FINDINGS

1. The disputed domain name was registered on March 4, 2020.

2. Complainant has established rights in the AMAZON mark through Complainant’s registration of the mark with the United States Patent and Trademark Office (“USPTO”) (e.g. Reg. No. 3,868,195, registered October 26, 2010).

3. Respondent was part of the Amazon Associates program.

4. The disputed domain name resolves to a webpage displaying links to Complainant’s website while claiming that Respondent is an “official partner of Amazon.com.”

5. The resolving website of the disputed domain name displays the Amazon logos and a derivative of the Amazon logos above the phrase “Partner of Amazon.”

6. Respondent sent Complainant an unsolicited offer to sell the disputed domain name.

7. Complainant terminated Respondent’s Associates Program account in January 2021.

8. Complainant’s Associates Program Operating Agreement prohibits a deceptive use of Complainant’s trademarks.

DISCUSSION

Paragraph 15(a) of the Rules instructs this Panel to “decide a complaint on the basis of the statements and documents submitted in accordance with the Policy, these Rules and any rules and principles of law that it deems applicable.”

Paragraph 4(a) of the Policy requires that Complainant must prove each of the following three elements to obtain an order that a domain name should be cancelled or transferred:

 

(1) the domain name registered by Respondent is identical or confusingly similar to a trademark or service mark in which Complainant has rights; and

(2) Respondent has no rights or legitimate interests in respect of the domain name; and

(3) the domain name has been registered and is being used in bad faith.

Identical and/or Confusingly Similar

Complainant asserts rights in the AMAZON mark through Complainant’s registration of the mark with the USPTO (e.g. Reg. No. 3,868,195, registered October 26, 2010). Registration of a mark with the USPTO is sufficient to demonstrate rights in the mark per Policy ¶ 4(a)(i). See DIRECTV, LLC v. The Pearline Group, FA 1818749 (Forum Dec. 30, 2018) (“Complainant’s ownership of a USPTO registration for DIRECTV demonstrate its rights in such mark for the purposes of Policy ¶ 4(a)(i).”). Therefore, the Panel finds Complainant has demonstrated rights in the AMAZON mark per Policy ¶ 4(a)(i).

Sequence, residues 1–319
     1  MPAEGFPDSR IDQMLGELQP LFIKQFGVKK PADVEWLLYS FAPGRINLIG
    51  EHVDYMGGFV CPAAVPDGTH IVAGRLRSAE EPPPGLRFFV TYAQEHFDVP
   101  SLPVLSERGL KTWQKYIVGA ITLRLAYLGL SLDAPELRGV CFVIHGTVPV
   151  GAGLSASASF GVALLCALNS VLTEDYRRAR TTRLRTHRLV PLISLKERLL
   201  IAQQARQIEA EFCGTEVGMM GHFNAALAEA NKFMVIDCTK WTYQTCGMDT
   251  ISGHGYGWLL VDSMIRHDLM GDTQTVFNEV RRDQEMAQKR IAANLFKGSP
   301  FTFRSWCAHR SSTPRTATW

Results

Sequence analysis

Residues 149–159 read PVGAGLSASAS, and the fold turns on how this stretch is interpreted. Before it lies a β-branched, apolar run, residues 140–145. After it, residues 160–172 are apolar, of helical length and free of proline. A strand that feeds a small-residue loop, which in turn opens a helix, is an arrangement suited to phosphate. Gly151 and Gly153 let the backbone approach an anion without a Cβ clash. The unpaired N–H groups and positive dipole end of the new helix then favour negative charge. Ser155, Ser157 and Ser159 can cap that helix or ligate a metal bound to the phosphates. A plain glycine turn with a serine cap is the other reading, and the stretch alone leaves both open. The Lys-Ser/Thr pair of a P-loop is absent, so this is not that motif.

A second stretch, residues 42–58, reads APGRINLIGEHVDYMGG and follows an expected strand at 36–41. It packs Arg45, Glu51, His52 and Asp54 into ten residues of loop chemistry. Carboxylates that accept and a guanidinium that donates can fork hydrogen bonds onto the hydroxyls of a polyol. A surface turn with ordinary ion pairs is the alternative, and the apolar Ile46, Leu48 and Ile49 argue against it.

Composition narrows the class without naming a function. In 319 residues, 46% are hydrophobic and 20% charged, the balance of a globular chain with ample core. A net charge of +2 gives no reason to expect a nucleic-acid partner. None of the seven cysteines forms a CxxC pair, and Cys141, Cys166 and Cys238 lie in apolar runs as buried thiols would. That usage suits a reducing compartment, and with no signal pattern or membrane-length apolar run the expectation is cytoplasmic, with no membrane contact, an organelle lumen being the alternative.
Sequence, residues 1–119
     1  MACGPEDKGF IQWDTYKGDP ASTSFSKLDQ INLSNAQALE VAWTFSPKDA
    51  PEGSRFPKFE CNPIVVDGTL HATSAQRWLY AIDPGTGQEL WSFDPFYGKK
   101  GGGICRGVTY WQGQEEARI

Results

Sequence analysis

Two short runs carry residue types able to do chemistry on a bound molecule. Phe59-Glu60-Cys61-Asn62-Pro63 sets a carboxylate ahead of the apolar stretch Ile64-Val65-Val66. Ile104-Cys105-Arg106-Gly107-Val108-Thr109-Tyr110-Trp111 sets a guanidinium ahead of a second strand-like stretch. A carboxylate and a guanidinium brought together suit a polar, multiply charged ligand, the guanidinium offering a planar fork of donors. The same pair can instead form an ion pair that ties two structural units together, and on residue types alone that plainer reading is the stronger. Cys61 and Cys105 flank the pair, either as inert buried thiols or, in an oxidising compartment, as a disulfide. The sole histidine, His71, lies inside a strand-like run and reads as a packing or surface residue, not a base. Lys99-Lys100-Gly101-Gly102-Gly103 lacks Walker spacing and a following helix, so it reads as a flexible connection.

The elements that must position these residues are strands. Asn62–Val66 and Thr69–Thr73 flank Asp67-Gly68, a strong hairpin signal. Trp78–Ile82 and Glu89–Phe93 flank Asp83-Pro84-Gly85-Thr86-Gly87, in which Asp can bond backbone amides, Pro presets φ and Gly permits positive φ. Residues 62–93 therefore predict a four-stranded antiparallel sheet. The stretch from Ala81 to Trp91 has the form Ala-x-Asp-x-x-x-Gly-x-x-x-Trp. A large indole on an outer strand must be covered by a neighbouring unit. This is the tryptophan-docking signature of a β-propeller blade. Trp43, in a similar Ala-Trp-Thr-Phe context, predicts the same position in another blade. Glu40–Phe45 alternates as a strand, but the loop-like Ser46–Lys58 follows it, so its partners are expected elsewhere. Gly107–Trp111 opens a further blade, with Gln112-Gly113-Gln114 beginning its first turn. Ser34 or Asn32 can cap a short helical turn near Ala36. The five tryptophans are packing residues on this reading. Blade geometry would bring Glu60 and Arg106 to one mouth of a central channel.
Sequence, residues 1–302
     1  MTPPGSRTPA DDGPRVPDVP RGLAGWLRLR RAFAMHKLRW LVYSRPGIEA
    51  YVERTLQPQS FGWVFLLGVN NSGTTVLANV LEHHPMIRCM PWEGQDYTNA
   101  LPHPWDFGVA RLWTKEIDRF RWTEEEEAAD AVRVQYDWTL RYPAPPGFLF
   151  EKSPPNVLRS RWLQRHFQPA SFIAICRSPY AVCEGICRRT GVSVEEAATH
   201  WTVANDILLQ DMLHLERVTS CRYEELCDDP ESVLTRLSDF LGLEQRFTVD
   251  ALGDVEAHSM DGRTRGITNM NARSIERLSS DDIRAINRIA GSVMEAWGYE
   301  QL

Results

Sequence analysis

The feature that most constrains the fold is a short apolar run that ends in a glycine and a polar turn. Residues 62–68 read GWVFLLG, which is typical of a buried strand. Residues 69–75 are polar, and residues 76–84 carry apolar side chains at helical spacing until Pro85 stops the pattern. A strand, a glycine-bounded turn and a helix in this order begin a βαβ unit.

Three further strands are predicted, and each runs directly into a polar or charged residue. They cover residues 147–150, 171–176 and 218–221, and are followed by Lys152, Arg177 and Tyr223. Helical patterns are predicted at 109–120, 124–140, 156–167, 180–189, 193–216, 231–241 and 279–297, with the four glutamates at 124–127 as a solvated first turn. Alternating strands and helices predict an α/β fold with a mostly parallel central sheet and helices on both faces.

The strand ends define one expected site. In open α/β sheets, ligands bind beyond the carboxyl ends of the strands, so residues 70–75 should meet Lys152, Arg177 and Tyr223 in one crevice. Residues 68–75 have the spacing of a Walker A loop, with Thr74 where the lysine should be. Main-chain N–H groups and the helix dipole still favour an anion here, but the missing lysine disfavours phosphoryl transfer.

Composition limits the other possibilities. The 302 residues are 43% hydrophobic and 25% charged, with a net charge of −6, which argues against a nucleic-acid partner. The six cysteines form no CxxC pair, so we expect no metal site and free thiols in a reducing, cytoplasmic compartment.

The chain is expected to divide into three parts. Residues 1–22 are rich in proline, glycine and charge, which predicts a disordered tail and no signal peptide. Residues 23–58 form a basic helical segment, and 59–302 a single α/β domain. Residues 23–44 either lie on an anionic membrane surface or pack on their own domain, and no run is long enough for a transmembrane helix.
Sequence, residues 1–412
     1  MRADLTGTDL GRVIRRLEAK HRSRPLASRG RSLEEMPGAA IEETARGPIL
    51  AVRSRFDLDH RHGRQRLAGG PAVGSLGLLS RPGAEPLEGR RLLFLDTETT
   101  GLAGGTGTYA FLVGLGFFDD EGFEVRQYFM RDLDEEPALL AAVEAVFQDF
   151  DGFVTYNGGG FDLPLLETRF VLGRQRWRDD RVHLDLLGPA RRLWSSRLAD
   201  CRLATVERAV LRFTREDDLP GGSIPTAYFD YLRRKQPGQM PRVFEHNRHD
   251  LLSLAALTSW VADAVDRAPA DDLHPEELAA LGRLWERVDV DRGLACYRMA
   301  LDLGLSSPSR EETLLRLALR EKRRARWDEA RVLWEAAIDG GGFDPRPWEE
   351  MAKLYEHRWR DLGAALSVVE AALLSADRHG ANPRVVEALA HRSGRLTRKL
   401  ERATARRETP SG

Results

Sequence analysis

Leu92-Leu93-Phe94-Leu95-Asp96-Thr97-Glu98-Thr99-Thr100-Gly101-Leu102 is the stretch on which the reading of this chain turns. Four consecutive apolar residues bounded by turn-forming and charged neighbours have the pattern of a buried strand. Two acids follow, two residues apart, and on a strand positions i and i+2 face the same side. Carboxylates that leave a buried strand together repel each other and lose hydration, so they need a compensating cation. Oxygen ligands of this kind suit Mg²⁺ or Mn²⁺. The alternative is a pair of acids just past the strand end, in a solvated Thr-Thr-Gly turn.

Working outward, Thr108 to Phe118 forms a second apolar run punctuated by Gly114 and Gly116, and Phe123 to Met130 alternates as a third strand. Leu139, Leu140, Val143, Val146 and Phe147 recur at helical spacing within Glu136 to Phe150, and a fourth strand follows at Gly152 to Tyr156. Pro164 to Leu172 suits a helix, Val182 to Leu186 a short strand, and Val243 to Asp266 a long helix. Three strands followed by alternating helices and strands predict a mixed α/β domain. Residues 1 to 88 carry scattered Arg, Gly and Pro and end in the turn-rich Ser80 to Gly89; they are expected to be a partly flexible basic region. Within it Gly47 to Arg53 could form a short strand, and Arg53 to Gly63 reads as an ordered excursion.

Complainant argues the disputed domain name is identical or confusingly similar to Complainant’s AMAZON mark as it merely adds the generic word or prefix “inter”, and the gTLD “.com.” The addition of a generic term and a gTLD fails to sufficiently distinguish a disputed domain name from a mark per Policy ¶ 4(a)(i). See MTD Products Inc. v. J Randall Shank, FA 1783050 (Forum June 27, 2018) (“The disputed domain name is confusingly similar to Complainant’s mark as it wholly incorporates the CUB CADET mark before appending the generic terms ‘genuine’ and ‘parts’ as well as the ‘.com’ gTLD.”). Therefore, the Panel finds the disputed domain name is confusingly similar to Complainant’s mark per Policy ¶ 4(a)(i).

Rights or Legitimate Interests

Complainant must first make a prima facie case that Respondent lacks rights and legitimate interests in the disputed domain name under Policy ¶ 4(a)(ii), then the burden shifts to Respondent to show it does have rights or legitimate interests. See Advanced International Marketing Corporation v. AA-1 Corp, FA 780200 (Forum Nov. 2, 2011) (finding that a complainant must offer some evidence to make its prima facie case and satisfy Policy ¶ 4(a)(ii)); see also Neal & Massey Holdings Limited v. Gregory Ricks, FA 1549327 (Forum Apr. 12, 2014) (“Under Policy ¶ 4(a)(ii), Complainant must first make out a prima facie case showing that Respondent lacks rights and legitimate interests in respect of an at-issue domain name and then the burden, in effect, shifts to Respondent to come forward with evidence of its rights or legitimate interests”).

Complainant contends Respondent lacks rights or legitimate interests in the disputed domain name as Respondent is not commonly known by AMAZON and Respondent is not authorized to use Complainant’s AMAZON mark. Relevant WHOIS information may be used to determine whether a respondent is commonly known by the disputed domain name under Policy ¶ 4(c)(ii). See Chevron Intellectual Property LLC v. Fred Wallace, FA1506001626022 (Forum July 27, 2015) (finding that the respondent was not commonly known by the domain name under Policy ¶ 4(c)(ii), as the WHOIS information named “Fred Wallace” as registrant of the disputed domain name). Additionally, lack of authorization to use a complainant’s mark may indicate that the respondent is not commonly known by the disputed domain name. See Emerson Electric Co. v. golden humble / golden globals, FA 1787128 (Forum June 11, 2018) (“lack of evidence in the record to indicate a respondent is authorized to use [the] complainant’s mark may support a finding that [the] respondent does not have rights or legitimate interests in the disputed domain name per Policy ¶ 4(c)(ii)”). The WHOIS information for the disputed domain name lists the registrant as “Edgar Yepremyan,” and Complainant argues Respondent was not authorized to use Complainant’s mark. Therefore, the Panel finds Respondent is not commonly known by the disputed domain name per Policy ¶ 4(c)(ii).